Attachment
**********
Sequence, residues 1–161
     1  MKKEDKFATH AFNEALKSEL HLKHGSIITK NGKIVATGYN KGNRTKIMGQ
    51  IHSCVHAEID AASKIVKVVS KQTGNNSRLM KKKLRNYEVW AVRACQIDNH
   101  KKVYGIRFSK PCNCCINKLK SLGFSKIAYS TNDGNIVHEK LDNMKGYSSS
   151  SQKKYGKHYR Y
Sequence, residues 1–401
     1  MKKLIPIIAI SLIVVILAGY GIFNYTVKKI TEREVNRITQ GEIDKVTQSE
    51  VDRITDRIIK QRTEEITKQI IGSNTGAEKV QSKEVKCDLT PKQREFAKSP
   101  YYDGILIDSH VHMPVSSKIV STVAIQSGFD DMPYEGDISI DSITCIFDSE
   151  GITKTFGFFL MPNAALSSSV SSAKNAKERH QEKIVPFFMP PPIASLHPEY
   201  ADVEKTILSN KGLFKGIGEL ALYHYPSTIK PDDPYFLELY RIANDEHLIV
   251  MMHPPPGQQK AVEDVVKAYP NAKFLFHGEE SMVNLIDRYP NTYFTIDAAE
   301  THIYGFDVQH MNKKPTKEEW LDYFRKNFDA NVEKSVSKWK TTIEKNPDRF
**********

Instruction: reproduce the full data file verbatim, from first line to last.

Sequence, residues 1–161
     1  MKKEDKFATH AFNEALKSEL HLKHGSIITK NGKIVATGYN KGNRTKIMGQ
    51  IHSCVHAEID AASKIVKVVS KQTGNNSRLM KKKLRNYEVW AVRACQIDNH
   101  KKVYGIRFSK PCNCCINKLK SLGFSKIAYS TNDGNIVHEK LDNMKGYSSS
   151  SQKKYGKHYR Y
Sequence, residues 1–401
     1  MKKLIPIIAI SLIVVILAGY GIFNYTVKKI TEREVNRITQ GEIDKVTQSE
    51  VDRITDRIIK QRTEEITKQI IGSNTGAEKV QSKEVKCDLT PKQREFAKSP
   101  YYDGILIDSH VHMPVSSKIV STVAIQSGFD DMPYEGDISI DSITCIFDSE
   151  GITKTFGFFL MPNAALSSSV SSAKNAKERH QEKIVPFFMP PPIASLHPEY
   201  ADVEKTILSN KGLFKGIGEL ALYHYPSTIK PDDPYFLELY RIANDEHLIV
   251  MMHPPPGQQK AVEDVVKAYP NAKFLFHGEE SMVNLIDRYP NTYFTIDAAE
   301  THIYGFDVQH MNKKPTKEEW LDYFRKNFDA NVEKSVSKWK TTIEKNPDRF